The Morgan Lewis Asian American/Asian Lawyer Network hosted a virtual fireside chat with C-suite level in-house counsel who are key decision makers in their organizations. Each brought a unique perspective to the conversation but shared one thing in common—they are all Asian American.
Moderated by Morgan Lewis partners, network co-lead Tony Chan, and former co-lead Catherine Wang, the discussion addressed best practices for diversity and inclusion (D&I) in the legal industry, recommendations for diverse lawyers focused on advancement, and the challenges and opportunities of practicing law during the coronavirus (COVID-19) crisis.
Below are some highlights from the discussion:
My biggest professional challenge came when I started my first general counsel position at Teleglobe. The new general counsel resigned in 2003 after a brief tenure and I was appointed to the acting role. During this time, I knew that I had to break through the “bamboo ceiling.” It was important for me to show the CEO that not only was I a high performer, but that I was capable of leading a strong team and contributing to the company with my business acumen.
When I think about my observations from my time in law firms or corporate settings, early on in minority lawyers’ careers, they very much rely on their expertise and their training as their way to advance. That may help during the early years, but as you look to progress in your career, minorities (either because of what they have or have not learned at home), miss the importance of honing your business acumen and the soft skills, which become more and more important as you advance in your career. Be open to feedback. Get your head out of a book. Learn the business. Go to meetings even when nothing specifically ‘legal’ is on the agenda. Develop a sense of humor. GCs are seen as mediators and communicators who help bring the rest of the C-suite together. This is when the soft skills are at their most important.
I think any of us could talk for an hour about the challenges. Over the course of the last few months, there is only one thing that is certain – that we are living in uncertain times. In the middle of this crisis, or ones in the past, we see opportunities for transformational change. Change may not be easy but times like these offer a chance for us to do things differently. Businesses have to adapt quickly to survive but also to truly thrive. It is about resilience and agility. The ‘old’ way of thinking needs to be shown the door. For our team, it’s been a chance to truly illustrate how we are strategic business partners with strong business acumen.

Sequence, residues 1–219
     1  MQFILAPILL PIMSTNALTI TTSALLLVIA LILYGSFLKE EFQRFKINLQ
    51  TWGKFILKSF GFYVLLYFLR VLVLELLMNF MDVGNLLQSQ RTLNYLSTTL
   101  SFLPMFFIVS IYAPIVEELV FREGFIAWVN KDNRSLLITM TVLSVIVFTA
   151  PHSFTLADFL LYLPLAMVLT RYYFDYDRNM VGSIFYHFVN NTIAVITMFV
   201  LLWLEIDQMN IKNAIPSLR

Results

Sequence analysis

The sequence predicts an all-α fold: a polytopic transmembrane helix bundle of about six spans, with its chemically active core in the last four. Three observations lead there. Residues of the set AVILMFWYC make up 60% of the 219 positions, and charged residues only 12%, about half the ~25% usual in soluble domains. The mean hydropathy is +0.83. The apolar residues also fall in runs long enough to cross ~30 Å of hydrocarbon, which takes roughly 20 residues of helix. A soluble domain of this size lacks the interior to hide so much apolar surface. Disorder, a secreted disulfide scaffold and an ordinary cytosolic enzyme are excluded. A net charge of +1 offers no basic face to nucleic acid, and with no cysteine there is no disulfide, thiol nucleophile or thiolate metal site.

I believe that though many recent events have been truly unfortunate, they could be a major inflection point when things might change. There are discussions at all levels among many companies and individuals that are encouraging. Equality and justice are certainly top of mind at the board level for public companies. For some time now, efforts have been made to further diversity and inclusion efforts across the workforce. Now it seems like things are changing. There is a greater focus on diversity training and recruiting and retention of a diverse workforce in actionable and measurable ways. It is important for our community to be allies for others as they are for us. I find that I am optimistic for the future.
In business, data is key. It is important to look at diversity and inclusion from all angles. Keeping track of retention numbers is important. It is necessary to look at the numbers to see how diverse the organization is in more ways than just “this many women” for instance. This data can also tell you who is getting the work – billing their time – and if that is reflecting a diverse team. Also look for opportunities to partner together. Are you a larger firm that can collaborate with a client on a diversity recruiting event or a panel discussing industry trends? Are you a smaller in-house team that works on pro bono matters that you might not be able to do without help from an outside firm?
There is work to be done across the board in all industries. I hire law firms and lawyers to help us solve our challenges, and our law firm partners are terrific problem solvers. Therefore if diversity is a problem at your law firm and you’re unable to solve it. Then what you’re saying to me is that your law firm is either not good at solving problems— which I don’t believe— or your firm in fact does not believe the lack of diversity at the leadership ranks is a problem. At my company and in much of corporate America, we attack the issue by tying compensation to diversity goals; my CEO along with the rest of the C-suite including myself have diversity targets tied to our compensation. It’s the power of the purse.